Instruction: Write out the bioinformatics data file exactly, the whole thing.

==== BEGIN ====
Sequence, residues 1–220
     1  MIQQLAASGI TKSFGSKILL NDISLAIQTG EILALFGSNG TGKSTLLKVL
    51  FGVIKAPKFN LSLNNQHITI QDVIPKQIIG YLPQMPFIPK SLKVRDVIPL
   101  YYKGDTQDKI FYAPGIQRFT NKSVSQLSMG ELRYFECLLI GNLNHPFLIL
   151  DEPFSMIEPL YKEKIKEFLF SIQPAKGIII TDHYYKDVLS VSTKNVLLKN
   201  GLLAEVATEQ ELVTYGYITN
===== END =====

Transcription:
Sequence, residues 1–220
     1  MIQQLAASGI TKSFGSKILL NDISLAIQTG EILALFGSNG TGKSTLLKVL
    51  FGVIKAPKFN LSLNNQHITI QDVIPKQIIG YLPQMPFIPK SLKVRDVIPL
   101  YYKGDTQDKI FYAPGIQRFT NKSVSQLSMG ELRYFECLLI GNLNHPFLIL
   151  DEPFSMIEPL YKEKIKEFLF SIQPAKGIII TDHYYKDVLS VSTKNVLLKN
   201  GLLAEVATEQ ELVTYGYITN